Clio Logo
This historical marker stands in front of the former home of Virginia politician Andrew Jackson Montague. Montague served as governor between 1902 and 1906. He was also the attorney general of Virginia between 1898 and his election as governor in 1902. His home was built in 1891, a period when Montague served as the attorney for the Richmond and Danville Railroad. It was during these years that Montague made connections and established himself as a leading citizen and capable attorney. It was this reputation, as well as the political connections he made in Richmond, that spurred his long career in state and national politics. Today, Montague is best known for his support of a campaign to purge African American voters from the polls. Although the 15th Amendment to the Constitution guaranteed that the right to vote could not be restricted according to race or previous condition of servitude, Montague and other leading Virginia politicians rewrote the state constitution to include a provision that restricted suffrage through a literacy test that was often unevenly applied to African Americans.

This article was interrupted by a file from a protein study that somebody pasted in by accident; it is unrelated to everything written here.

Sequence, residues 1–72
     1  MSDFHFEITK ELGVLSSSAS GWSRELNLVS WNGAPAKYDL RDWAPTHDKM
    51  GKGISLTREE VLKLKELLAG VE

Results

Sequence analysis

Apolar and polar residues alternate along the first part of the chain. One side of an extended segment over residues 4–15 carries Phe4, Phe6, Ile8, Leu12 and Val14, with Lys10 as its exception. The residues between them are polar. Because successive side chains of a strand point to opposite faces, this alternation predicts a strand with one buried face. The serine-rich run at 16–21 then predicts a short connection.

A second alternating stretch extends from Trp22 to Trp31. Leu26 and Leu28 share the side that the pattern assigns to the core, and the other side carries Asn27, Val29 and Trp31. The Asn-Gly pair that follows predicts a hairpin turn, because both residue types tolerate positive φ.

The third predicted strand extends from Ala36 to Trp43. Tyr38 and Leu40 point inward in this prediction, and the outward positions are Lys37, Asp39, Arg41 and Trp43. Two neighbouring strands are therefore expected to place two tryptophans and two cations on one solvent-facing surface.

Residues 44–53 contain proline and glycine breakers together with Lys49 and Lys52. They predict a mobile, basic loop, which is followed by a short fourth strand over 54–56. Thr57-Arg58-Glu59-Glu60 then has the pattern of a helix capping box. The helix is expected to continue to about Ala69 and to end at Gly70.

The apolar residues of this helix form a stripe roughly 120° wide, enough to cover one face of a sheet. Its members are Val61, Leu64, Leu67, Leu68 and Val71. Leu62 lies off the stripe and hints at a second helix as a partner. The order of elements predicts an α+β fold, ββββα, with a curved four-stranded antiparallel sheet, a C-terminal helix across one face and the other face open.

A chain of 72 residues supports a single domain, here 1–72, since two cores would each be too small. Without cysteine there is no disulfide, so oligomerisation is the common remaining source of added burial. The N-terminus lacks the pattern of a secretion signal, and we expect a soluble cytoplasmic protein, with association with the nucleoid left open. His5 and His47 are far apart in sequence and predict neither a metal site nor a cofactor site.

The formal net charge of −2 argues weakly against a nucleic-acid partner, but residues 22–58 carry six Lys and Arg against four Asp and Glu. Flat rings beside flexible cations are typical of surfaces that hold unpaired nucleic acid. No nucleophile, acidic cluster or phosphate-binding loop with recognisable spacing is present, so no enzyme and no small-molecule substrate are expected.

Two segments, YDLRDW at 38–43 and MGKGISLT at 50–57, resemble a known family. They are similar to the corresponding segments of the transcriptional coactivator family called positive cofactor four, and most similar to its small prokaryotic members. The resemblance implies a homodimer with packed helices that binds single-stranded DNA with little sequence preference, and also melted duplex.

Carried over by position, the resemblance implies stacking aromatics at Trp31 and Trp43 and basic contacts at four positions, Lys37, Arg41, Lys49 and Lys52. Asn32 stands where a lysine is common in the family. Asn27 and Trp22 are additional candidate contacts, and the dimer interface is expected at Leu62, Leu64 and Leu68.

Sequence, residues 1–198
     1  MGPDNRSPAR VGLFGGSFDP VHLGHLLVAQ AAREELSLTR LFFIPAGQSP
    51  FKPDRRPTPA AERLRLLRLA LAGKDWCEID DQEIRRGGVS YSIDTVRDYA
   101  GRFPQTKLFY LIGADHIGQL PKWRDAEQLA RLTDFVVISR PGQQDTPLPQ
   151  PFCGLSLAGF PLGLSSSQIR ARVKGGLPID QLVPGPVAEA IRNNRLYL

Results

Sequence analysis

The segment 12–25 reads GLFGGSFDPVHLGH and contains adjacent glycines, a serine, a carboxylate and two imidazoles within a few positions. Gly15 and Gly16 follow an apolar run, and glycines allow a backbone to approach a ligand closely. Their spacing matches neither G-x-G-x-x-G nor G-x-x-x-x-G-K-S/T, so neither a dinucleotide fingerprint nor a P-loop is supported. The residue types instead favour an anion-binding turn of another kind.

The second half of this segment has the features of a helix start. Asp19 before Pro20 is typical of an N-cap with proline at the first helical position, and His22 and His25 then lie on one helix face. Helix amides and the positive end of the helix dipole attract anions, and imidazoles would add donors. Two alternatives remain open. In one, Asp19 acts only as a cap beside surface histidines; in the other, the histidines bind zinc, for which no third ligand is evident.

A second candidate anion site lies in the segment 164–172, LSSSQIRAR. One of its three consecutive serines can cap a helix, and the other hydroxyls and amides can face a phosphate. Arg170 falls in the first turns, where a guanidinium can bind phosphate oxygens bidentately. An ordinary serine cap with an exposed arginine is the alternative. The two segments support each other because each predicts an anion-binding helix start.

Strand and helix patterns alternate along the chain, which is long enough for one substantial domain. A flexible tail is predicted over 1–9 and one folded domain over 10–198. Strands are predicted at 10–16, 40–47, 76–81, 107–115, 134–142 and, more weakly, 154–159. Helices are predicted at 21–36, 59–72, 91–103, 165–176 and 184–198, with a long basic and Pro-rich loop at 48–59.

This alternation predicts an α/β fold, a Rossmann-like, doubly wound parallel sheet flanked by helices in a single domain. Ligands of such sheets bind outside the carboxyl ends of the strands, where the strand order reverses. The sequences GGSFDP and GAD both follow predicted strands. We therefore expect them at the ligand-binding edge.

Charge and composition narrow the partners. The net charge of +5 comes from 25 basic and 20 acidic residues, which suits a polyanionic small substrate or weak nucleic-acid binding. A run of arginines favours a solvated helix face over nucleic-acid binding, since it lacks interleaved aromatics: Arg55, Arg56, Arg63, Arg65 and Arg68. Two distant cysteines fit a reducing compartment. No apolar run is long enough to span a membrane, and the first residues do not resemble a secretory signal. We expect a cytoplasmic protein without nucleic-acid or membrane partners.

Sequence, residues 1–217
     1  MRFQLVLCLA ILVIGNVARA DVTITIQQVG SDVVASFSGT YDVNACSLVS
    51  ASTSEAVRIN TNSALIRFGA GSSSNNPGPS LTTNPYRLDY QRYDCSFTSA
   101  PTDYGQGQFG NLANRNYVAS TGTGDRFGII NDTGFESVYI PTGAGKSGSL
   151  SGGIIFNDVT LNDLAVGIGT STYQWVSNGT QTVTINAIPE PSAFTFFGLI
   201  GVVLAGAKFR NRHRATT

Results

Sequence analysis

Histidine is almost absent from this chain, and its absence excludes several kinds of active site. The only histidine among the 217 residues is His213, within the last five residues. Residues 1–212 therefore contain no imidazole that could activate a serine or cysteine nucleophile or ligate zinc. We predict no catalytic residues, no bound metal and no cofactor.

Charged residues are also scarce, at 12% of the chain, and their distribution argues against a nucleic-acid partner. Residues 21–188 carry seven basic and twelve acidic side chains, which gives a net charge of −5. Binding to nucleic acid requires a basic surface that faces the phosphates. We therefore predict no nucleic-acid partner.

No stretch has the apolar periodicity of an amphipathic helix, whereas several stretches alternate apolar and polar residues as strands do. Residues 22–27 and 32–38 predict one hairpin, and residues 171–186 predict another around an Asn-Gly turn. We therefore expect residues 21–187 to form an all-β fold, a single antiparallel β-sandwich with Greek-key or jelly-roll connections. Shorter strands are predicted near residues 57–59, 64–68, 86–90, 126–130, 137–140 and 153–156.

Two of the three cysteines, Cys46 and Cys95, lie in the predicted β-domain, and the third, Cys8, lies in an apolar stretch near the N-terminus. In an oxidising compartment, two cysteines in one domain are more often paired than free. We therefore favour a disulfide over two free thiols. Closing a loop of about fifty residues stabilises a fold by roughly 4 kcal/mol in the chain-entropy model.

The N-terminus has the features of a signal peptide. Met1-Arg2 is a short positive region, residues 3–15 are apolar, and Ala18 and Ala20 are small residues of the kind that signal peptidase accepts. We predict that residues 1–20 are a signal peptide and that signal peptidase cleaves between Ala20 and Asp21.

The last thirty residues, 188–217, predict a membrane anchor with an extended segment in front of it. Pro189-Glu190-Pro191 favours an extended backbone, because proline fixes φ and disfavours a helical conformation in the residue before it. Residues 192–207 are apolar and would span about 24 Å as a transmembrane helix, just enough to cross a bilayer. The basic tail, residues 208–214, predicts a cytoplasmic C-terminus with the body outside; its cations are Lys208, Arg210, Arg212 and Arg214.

• This historical marker stands in front of Montague's former home in Danville.
  • Montague served as the dean of the law school at the University of Richmond in addition to a long tenure in the House of Representatives.
  • Montague was one of the authors of this broadside meant to assure white citizens that voting restrictions would only affect African Americans.
After completing his term as the 44th governor of Virginia, Montague ran for Senate but was defeated by the incumbent, Thomas Staples Martin. Following that election, Montague became the dean of the law school at Richmond College and practiced law in the city of Richmond. Montague won election to the U.S. House of Representatives in 1912 and remained in that office until his death in 1937.
Heinemann, Ronald L.. Andrew Jackson Montague (1862–1937). Encyclopedia of Virginia. Accessed May 10, 2017.